- October 11, 2020
- Posted by: admin
- Category: advance
In Canada, where I live, international migration accounted for 82.8% of all population growth (in Canada) during the first three months of 2019. The report further states, “in this context, population growth in Canada will probably rely increasingly on international migration.” Census 2016 reported 37.5% of the under-fifteen population are first-generation immigrants or have at least one parent who is foreign-born, and it projected between 39.3% and 49.1% of the entire population of children aged 15 and under living in Canada would be foreign-born or have at least one first-generation parent by 2036. These immigrant-background children grow to be cultural and multiethnic hybrids, and many of them racial hybrids, highlighting the Canadian government’s multicultural and pluralistic aspirations.
As migration shapes and shifts population profiles, hybridity is a pressing issue for Christian ministries around the world. For Canada, the first country in the world to introduce a points-based immigration system and formalise and implement an official multiculturalism policy, is the trajectory from homogenous to hybrid inevitable? Further, in societies transformed by trade and travel, like the Philippines in South East Asia, has hybridity always been?
Moreover, for many denominations, is the journey from homogeneity to hybridity an intentional emulation of the First Century Christian churches that embraced racial, ethnic, and cultural hybridity? What, if any, intentional and successful models of hybridization are employed by local churches? What can we learn from them? Further, as a sustained influx of migrants, both permanent and temporary, continues to shape demographics and societies, what unique gifts do hybrid people present to local churches for partnership in God’s mission? It is important for us to address these questions and understand the challenges and opportunities that migration presents to national churches and local communities.
Fortunately, answers to these questions and issues can be found in the newest William Carey Publishing’s volume A Hybrid World: Diaspora, Hybridity, and Missio Dei, with editors: Dr. Sadiri Joy Tira, who is a Global Missiology Specialist for the Jaffray Centre for Global Initiatives at Ambrose University in Calgary, Alberta (Canada), and the Lausanne Movement’s (LM) Senior Associate/Catalyst for Diasporas from 2007-2019; and Juliet Lee Uytanlet, the Biblical Seminary of the Philippines’ 菲律濱聖經神學院 Professor of InterCultural Studies and Lausanne Movement’s Co-Catalyst for Diasporas from 2016-2018.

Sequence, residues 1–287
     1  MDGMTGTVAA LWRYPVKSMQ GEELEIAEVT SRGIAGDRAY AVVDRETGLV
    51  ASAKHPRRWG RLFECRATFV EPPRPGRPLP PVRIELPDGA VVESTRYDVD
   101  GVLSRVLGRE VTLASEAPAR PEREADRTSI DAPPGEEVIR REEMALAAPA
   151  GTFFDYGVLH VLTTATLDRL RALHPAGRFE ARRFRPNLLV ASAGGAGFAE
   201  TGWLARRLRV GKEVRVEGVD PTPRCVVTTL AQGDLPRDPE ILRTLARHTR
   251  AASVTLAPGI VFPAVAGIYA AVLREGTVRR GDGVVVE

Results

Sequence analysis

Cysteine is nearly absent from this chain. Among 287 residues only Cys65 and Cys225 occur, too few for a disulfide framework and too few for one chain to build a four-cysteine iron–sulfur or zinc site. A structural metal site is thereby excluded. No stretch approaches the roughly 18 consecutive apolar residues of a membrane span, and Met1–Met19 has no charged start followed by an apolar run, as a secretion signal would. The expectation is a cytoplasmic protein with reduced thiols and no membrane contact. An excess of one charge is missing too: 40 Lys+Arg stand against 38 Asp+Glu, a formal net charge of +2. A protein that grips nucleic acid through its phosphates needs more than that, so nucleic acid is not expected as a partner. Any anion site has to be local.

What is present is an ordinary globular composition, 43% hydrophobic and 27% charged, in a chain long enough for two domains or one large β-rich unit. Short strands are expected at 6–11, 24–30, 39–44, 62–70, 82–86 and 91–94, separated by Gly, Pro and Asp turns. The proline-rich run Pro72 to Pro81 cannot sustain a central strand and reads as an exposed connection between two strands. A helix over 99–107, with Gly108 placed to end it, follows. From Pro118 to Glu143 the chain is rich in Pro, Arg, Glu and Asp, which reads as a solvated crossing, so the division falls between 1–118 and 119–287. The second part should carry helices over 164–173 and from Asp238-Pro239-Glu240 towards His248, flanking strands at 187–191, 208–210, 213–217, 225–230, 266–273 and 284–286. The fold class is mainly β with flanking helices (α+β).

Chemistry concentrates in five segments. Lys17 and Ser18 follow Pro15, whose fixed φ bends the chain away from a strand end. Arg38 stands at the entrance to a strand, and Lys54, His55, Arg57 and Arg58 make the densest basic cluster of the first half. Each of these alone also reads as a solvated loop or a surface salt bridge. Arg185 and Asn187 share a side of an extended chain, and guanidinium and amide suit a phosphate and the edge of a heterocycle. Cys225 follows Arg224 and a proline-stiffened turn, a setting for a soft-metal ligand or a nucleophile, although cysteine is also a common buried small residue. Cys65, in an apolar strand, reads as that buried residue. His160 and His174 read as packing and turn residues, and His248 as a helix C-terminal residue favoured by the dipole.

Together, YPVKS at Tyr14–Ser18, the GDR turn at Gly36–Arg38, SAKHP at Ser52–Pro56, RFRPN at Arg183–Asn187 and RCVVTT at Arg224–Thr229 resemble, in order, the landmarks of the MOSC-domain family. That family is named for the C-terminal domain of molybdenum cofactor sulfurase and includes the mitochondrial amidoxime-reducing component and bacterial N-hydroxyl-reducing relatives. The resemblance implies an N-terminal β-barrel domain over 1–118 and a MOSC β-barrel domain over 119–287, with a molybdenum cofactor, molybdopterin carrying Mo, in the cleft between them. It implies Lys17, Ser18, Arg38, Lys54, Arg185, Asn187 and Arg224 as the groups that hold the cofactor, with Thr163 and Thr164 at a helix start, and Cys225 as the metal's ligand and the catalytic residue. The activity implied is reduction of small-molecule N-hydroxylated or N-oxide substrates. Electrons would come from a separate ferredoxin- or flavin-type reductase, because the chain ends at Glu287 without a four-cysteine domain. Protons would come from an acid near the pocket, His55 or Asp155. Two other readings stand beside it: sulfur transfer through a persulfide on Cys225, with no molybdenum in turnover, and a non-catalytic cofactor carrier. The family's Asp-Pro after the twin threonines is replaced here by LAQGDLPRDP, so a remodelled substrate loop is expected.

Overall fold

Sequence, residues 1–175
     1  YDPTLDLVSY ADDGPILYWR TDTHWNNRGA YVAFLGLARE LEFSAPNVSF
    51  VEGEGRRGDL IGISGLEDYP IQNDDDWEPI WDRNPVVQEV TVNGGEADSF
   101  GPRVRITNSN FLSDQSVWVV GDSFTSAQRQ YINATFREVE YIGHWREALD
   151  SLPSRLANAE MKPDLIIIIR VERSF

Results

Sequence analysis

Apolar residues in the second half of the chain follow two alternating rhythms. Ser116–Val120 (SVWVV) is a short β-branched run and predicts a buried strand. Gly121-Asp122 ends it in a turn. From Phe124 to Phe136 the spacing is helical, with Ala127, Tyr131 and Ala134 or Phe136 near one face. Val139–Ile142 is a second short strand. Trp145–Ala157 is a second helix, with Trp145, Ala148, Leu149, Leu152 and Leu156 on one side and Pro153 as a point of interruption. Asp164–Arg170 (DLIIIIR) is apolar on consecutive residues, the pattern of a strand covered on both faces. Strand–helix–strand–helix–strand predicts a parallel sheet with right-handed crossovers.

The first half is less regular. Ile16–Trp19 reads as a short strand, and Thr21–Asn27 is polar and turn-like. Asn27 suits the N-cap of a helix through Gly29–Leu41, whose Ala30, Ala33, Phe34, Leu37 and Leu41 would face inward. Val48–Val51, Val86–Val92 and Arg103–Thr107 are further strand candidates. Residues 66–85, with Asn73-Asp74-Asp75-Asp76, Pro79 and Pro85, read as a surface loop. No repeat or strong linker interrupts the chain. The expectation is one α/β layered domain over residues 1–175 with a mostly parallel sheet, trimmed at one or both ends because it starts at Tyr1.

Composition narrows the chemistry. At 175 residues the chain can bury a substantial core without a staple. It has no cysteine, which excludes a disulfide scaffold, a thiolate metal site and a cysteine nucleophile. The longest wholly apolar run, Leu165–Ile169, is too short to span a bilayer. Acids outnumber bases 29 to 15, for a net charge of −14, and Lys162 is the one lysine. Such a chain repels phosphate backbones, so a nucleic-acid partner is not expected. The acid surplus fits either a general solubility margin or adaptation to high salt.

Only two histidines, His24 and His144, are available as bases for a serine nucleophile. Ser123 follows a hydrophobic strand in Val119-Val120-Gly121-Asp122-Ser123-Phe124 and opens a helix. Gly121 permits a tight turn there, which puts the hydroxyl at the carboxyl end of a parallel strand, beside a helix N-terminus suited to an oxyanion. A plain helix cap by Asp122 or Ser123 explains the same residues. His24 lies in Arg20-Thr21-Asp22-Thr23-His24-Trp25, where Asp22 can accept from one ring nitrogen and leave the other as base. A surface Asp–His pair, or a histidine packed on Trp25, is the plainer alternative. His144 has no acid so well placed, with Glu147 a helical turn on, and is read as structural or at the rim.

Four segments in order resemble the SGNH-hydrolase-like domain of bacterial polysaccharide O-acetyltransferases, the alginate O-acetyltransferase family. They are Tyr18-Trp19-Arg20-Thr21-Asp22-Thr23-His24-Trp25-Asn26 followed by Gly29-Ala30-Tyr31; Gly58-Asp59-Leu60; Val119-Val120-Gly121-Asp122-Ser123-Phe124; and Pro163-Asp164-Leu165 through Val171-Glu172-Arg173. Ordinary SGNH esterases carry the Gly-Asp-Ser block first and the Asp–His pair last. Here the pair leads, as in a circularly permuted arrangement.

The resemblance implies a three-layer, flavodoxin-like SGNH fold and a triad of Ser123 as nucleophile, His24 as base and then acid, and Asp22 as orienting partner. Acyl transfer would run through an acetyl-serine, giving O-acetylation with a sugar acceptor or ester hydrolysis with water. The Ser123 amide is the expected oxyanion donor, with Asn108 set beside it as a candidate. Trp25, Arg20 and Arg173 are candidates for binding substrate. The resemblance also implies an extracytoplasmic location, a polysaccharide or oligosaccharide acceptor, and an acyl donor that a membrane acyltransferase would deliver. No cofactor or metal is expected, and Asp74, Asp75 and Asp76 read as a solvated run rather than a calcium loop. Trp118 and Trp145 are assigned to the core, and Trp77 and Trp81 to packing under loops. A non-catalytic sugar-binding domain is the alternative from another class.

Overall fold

The book A Hybrid World highlights the presentations and research of academicians and practitioners who are engaging with diaspora people groups, particularly hybrid people. This book is a product of the consultation on Hybridity, Diaspora and Missio Dei: Exploring New Horizons convened, from June 19-22, 2018 by Tira and Lee Uytanlet, and organized from the Lausanne Movement platform in partnership with the Global Diaspora Network (GDN). For the consultation and for this new volume, the concept of hybridity, relates to cultural hybridity.
The book contains 17 chapters from highly esteemed authors that talk about hybridity. Hybridity is defined as the intermixing of “blood” and/or the mixing of cultures or cultural elements. Each chapter showed that hybridity is deeply rooted in history and the Scriptures, and as is known to many, it is not a new phenomena, not the new normal, but simply normal… requiring us to ‘reconsider the current mission theology, history, and anthropology’.” Further, the chapters encourage more missiological thinking toward theological, historical, and ethnographic methods, and finally, the book, A Hybrid World invites readers to a conversation with new research initiatives outside of the “missiology bubble.”
A Hybrid World is widely endorsed by respected missiologists to missions specialists and enthusiasts, church leaders, and those seeking a framework to engage migrants, it contributes significant material, particularly in the fields of diaspora mission, cultural anthropology, global missions, and urban missions to enhance the study of missiology at seminaries, mission organizations, denominational organisations, and local churches. A Hybrid World raises integral questions and presents successful models to meaningfully engage hybrids who may fall “between the cracks” left between distinct cultural groups. Though the topics discussed are specialised, the authors remain readable and relatable.
In view of current realities national churches must realize their innate and intended hybridity; thereby, remaining a vital partner in the public sphere and in the transformation of society. A Hybrid World: Diaspora, Hybridity, and Missio Dei is a timely tool for reflection and a compelling call to partnership in God’s mission in Canada, the Philippines, and beyond.
- Available in paperback, and e-book (i.e., e-pub, Kindle) at https://missionbooks.org/products/a-hybrid-world?fbclid=IwAR0B6sQx13D4efgT6-c5HdQOVun3ijLlTp4bQlYMwAOAQHija_RtiVGXpGw
- Note: This review is based on a previously published review in Jaffray Perspectives by the Jaffray Centre for Global Initiatives at Ambrose University in Calgary, Alberta.
Lorajoy Tira-Dimangondayao (BTh) is interested in religion vis-à-vis migration in the Canadian context, and is passionate about the transformation of personal narratives of the scattered people. Born in Manila and raised in the Canadian prairies, she is a “1.75 Generation” Canadian of Filipino descent, and is fluent in Franglaistaglishspagalog.